Thursday, February 21, 2008

Treating Pain In Tiny Patients

Helping Infants Suffering From Pain

The Thinking's Changing About Whether Babies Feel Pain — And How To Treat It

Treating Pain In Tiny Patients

Premature babies are often born with painful medical problems. But doctors are now learning how to detect and treat pain in these tiny patients. Sanjay Gupta reports. |


In three short weeks of life, Josie Toland has undergone a lifetime's worth of medical procedures. She was born two months premature and developed serious lung problems, Gupta reports.

She's had tubes inserted to breathe and to eat, and constant sticks in her heels to draw blood.

"Babies have an average of 10-to-15 painful procedures per day in this unit if they're under 30 weeks gestation, or if they're really sick like Josie was," said Dr. Whit Hall.

Besides fighting for her survival, doctors have been wrestling with another issue: With everything that's been done to her, how much pain is Josie feeling?

As recently as 15 years ago, it was thought that newborns were not developed enough to feel or remember pain. Amazingly, newborns often received little or no anesthesia for most medical procedures - even surgery.

"The folklore became babies don't feel pain, anesthesia is bad for them, let's not give anything," said Dr. K.J.S. Anand.

Gupta said: "What you're describing must have been torture for these babies."

Anand is a leading researcher on how to detect pain in these tiny patients who can't speak and spend most of their time sleeping.

Doctors monitor some of the physical signs of pain, like blood pressure and heart rate, and the obvious behavioral signs like crying and facial expressions. But how do you know the difference between a cry of pain or a cry for hunger?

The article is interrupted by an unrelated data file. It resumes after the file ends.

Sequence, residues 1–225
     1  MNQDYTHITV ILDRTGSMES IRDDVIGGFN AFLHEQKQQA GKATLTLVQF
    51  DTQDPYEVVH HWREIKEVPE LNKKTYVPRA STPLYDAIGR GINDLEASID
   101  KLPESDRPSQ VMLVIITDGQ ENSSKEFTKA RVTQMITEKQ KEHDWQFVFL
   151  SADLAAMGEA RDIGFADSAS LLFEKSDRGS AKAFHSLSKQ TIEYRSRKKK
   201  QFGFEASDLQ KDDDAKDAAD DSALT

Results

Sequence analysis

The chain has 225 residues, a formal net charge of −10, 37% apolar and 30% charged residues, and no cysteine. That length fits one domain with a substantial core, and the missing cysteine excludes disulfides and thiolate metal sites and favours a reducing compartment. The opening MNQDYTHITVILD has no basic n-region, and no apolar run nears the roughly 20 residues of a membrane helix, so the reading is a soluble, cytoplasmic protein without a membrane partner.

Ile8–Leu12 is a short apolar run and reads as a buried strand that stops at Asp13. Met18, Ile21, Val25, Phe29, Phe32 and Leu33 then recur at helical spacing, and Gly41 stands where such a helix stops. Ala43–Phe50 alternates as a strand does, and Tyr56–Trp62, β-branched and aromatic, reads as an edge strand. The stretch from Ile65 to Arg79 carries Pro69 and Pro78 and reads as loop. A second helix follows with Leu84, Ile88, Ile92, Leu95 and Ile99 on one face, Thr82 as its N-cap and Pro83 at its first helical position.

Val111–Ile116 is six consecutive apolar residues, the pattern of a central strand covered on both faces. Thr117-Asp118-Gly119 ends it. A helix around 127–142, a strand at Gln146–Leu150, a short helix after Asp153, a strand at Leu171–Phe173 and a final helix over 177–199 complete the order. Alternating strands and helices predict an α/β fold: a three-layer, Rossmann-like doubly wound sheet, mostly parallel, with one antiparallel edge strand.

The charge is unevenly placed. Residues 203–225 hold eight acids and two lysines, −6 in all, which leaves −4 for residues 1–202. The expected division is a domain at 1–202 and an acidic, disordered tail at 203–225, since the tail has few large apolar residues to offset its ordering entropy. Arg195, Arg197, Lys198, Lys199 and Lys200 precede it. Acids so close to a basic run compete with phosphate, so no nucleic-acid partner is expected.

"You just can't stand over an infant 24-7 and watch them. And that's why I thought a machine system would be pretty good at handling some of these problems," said computer scientist Sheryl Brahnam.

Brahnam works with facial recognition technology to identify key spots in a baby's face that signal pain.

"It's wrong to think that every time a baby experiences pain, they'll cry. They're not. Sometimes all you see is a bulging forehead," Brahnam said.

She's working with facial recognition technology to identify key spots in a baby's face that signal pain. The hope is that one day a camera would constantly monitor the faces of newborns and alert doctors to even the subtle signs that something is wrong.

"It gives the infant a voice, it lets the infant cry out, 'I'm in pain,'" Brahnam said.

Detecting pain in newborns is one thing. Treating it is another.

Unfortunately, the drugs to treat babies' pain are meant for adults. Like morphine and methadone. Even today there is reluctance by doctors and parents to use them.

"Yes, I think there are still medical physicians, nurses, who hold out that babies probably don't feel pain," Anand said.

Some of the techniques to calm babies are tried and true: creating a quiet atmosphere with low lights and swaddling them for comfort.

It's all working for Josie.

"Can you say without a doubt, that Josie is not in pain right now?" Gupta asked Hall.

"I can. I'm basing that on she seems comfortable, she's not crying, she seems to be happy," Hall said.

Evidence that years later, children and adults remember the pain they suffered as babies. Studies show they're more pain sensitive and can have higher rates of ADD.

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You can find the article, including photos and video, here
Thank you to Nancy for the link to this article.

7 comments:

Nancy said...

"Evidence that years later, children and adults remember the pain they suffered as babies. Studies show they're more pain sensitive and can have higher rates of ADD."

I do want to point out though that both of the newscasters were clear in saying that they weren't sure whether this connection to ADD/ADHD was due to the pain they experienced or the high level of stimuli in the NICU.

Anonymous said...

Stacy and Nancy,

Here is a related video which is what I saw on the CBS news site.

http://www.cbsnews.com/sections/i_video/main500251.shtml?id=3861507n&channel=i_video

Helen Harrison

lea said...